When you are sure the animal is going to present a shot, move the camera to the position it is most likely to walk and leave it there, don’t try to follow the animal in and make the shot at the same time. This will result in sloppy footage but more importantly, could result in an ill advised or poorly placed shot on the animal. Remember, you are hunting first and filming second and you owe it to the animal to make a clean, ethical kill. Don’t push your limits and take a shot you aren’t comfortable or confident with just to capture it on film. Don’t zoom in too far, but don’t be completely too far zoomed out either. You want to make sure the entire animal will be in the frame. This will make for better footage as you will be able to see the animal’s reaction to the shot, but will also help aid you in tracking your animal. A major benefit of replaying your footage will help confirm shot placement and give you a better of idea of how long to wait before picking up the trail.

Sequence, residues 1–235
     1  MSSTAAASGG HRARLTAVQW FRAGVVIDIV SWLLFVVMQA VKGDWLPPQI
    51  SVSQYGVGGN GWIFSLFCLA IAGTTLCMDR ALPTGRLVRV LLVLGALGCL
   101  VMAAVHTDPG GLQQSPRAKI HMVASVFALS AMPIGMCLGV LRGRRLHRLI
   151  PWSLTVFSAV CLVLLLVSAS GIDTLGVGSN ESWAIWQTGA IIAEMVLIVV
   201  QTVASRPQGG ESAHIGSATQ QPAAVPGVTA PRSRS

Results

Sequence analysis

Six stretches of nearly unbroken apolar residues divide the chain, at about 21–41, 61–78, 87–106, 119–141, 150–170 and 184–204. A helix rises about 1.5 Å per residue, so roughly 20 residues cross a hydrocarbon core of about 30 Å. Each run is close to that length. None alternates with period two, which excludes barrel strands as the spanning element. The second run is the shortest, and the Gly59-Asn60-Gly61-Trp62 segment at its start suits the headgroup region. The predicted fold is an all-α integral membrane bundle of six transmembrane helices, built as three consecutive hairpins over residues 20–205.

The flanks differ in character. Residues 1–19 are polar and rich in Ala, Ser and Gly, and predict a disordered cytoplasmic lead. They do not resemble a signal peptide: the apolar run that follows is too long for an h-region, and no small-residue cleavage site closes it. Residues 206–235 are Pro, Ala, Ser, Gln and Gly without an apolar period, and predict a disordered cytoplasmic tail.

Once you have your camera positioned waiting for the animal to walk into frame, it’s time to focus on the kill, forget about the camera, and trust in your instincts and the camera’s position to capture the shot on film. Handle the shot just you would any other shot at a game animal, take your time and make a good, clean shot. Immediately after the shot, you are still hunting, don’t jerk your bow or rifle to focus on the camera, this could adversely affect your shot placement. Follow through just like you normally would, then shift your attention to the camera. It will be hard to find a running animal in your viewfinder, so it’s important not to be zoomed in too far. Locate the animal and determine whether or not you made a good hit, then find him with your camera for post-shot footage.